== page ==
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Kenosha “Man Who Shot First” in Rittenhouse Trial In Jail Holding with Wife for Six Felonies Including Armed Robbery, Burglary

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Joshua and Kelly Ziminski gained notoriety when they were captured often on video rioting during the Kenosha Riots on August 25, 2020. The day was made infamous by the murder trial of teenager Kyle Rittenhouse.

Joshua fired a pistol just before Rittenhouse fired his gun, shooting and killing Joseph Rosenbaum in self-defense. The couple have now finally faced charges for their crime spree together. Kenosha County Eye reports the duo is being held for:

Both Joshua and Kelly

Felony Armed Robbery
Felony Armed Burglary
Felony False Imprisonment
Felony Intimidation of Victim
Felony ID Theft
Misdemeanor Battery


Josh Only

Felony Bail-Jumping

Kelly Only

Probation Hold

Kelly pleaded guilty to Obstructing an Officer and Failure to Comply with Emergency Management Order of Local Government, both misdemeanors. Joshua is currently out on bond for Arson (Felony), Disorderly Conduct / Use of a Dangerous Weapon (Misdemeanor), and Obstructing an officer for his role in the rioting and lighting a trailer on fire.

The Kenosha County Eye details the background of the criminal couple:

Progressive Kenosha District Attorney Michael Graveley waited over 5 months to charge Ziminski, only after community push-back. Even still, many thought Ziminski was charged too softly. Ziminski was initially held on a low, $1,000 cash bond, but Judge Schroeder raised it to $13,000 on January 31st. Ziminski was scheduled to go to trial this day, but was accused of intimidating a witness in the case, Kenosha freelance photographer Nathan Debruin. Progressive Prosecutor Zeke Wiedenfeld of Walworth County declined to charge Ziminski. Ziminski was able to post bond and was free until Monday evening when he was booked into the Kenosha County Jail for an alleged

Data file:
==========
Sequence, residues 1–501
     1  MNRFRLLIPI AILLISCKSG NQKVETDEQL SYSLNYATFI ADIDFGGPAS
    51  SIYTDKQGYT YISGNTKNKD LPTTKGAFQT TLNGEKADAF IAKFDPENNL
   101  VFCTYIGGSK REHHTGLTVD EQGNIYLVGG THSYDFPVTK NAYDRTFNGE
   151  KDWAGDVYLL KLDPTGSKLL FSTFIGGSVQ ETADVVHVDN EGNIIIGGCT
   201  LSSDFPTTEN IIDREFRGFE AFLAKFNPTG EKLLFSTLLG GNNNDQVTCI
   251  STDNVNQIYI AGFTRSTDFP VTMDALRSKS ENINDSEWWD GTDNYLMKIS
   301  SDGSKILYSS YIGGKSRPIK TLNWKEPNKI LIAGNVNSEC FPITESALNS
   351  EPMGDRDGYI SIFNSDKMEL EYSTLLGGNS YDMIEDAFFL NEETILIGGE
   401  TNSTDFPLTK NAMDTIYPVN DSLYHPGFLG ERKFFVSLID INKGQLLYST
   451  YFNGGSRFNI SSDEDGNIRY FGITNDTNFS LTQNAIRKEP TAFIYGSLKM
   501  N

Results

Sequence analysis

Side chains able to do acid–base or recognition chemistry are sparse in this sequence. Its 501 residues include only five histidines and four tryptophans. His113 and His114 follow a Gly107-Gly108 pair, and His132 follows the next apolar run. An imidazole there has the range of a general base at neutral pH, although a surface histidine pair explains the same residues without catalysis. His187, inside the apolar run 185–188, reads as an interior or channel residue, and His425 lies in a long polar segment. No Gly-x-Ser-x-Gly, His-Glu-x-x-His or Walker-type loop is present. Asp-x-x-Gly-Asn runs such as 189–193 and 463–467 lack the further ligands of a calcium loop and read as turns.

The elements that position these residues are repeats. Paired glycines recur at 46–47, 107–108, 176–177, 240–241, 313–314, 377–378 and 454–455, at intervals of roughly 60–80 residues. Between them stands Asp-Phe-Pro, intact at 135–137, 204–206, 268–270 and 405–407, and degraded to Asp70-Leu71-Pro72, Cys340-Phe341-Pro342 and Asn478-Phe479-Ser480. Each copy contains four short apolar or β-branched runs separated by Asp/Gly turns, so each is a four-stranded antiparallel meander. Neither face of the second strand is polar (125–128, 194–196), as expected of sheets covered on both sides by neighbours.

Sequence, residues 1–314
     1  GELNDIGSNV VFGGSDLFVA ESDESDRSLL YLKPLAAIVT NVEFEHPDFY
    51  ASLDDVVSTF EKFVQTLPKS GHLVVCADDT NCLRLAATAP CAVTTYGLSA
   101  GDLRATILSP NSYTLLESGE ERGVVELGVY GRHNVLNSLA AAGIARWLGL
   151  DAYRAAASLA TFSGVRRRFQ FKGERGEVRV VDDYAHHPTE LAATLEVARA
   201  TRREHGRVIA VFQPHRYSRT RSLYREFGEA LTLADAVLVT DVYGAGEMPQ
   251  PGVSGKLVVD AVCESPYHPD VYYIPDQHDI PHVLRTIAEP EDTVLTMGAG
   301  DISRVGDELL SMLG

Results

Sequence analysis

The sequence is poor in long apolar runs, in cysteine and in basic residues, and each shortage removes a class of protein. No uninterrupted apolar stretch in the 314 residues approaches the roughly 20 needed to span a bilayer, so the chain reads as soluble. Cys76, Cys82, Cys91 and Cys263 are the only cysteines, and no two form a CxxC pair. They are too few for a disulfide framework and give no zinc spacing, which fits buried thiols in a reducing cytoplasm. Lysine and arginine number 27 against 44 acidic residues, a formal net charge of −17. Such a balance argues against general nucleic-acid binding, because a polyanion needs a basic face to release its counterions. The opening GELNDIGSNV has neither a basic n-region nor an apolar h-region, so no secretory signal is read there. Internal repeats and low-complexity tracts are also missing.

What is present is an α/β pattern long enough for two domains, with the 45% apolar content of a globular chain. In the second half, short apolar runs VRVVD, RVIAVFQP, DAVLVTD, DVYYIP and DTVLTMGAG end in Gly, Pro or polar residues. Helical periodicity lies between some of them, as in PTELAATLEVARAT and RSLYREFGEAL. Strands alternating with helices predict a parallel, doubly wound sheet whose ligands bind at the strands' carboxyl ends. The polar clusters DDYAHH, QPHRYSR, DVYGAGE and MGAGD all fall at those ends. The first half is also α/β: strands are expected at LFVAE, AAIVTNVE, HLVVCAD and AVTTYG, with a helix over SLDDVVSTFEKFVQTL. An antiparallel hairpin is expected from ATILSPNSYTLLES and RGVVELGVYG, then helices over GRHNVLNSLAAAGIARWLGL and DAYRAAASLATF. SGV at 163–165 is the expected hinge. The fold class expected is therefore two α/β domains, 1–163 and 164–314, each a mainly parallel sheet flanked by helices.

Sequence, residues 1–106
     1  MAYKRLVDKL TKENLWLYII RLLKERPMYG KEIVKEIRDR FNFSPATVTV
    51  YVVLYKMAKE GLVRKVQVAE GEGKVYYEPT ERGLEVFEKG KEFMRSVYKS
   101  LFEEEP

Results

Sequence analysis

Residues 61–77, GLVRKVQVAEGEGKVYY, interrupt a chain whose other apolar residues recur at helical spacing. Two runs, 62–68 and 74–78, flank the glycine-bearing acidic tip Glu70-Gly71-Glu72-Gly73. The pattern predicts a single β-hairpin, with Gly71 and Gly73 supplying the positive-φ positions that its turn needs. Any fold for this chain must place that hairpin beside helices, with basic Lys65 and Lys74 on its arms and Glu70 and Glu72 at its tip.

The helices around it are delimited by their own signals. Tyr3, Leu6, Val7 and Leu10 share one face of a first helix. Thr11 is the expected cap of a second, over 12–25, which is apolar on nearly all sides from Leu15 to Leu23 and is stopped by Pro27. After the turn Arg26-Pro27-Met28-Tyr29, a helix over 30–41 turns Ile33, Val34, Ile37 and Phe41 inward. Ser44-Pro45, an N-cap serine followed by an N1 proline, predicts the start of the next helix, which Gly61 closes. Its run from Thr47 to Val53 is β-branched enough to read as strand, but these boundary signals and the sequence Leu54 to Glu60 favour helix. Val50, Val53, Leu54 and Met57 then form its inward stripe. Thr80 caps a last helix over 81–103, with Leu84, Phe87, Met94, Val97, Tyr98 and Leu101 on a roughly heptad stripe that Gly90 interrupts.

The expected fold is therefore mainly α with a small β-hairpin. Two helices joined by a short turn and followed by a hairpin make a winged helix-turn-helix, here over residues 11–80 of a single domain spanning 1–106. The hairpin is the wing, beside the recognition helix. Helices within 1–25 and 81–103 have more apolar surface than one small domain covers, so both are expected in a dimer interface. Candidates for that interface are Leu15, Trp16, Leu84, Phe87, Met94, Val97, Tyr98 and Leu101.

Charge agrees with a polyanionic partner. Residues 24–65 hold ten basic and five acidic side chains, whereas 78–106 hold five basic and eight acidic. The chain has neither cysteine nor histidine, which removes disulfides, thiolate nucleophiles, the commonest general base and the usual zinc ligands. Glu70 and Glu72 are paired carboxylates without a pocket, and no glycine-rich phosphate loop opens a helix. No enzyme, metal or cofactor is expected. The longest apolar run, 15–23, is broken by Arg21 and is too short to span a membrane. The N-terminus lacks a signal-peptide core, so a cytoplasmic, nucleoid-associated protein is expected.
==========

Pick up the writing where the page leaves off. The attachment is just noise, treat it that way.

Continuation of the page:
Lieutenant John DeMario with the Kenosha Police Detective Bureau confirmed with KCE the charges that are being referred to the DA’s office. Demario said he cannot divulge specifics because the case is still considered an open investigation. Both Ziminskis are expected to be in court tomorrow at 1:00pm for their initial appearances. At this time we will obtain the charging document that will give details about the couple’s alleged crimes. KCE will be there.

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Israel

Military was prepared to deploy to Gaza to rescue U.S. hostages

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The Washington Post released an in-depth report on the intelligence support the United States has provided Israel during its war with Hamas. The assistance has not only helped to find and rescue hostages, but the Post writes it has “also raised concerns about the use of sensitive information.”

The United States provided some of the intelligence used to locate and eventually rescue four Israeli hostages last week, The Post has reported. The information, which included overhead imagery, appears to have been secondary to what Israel collected on its own ahead of the operation, which resulted in the deaths of more than 270 Palestinians, according to Gaza health officials, making it one of the deadliest single events in the eight-month-old war.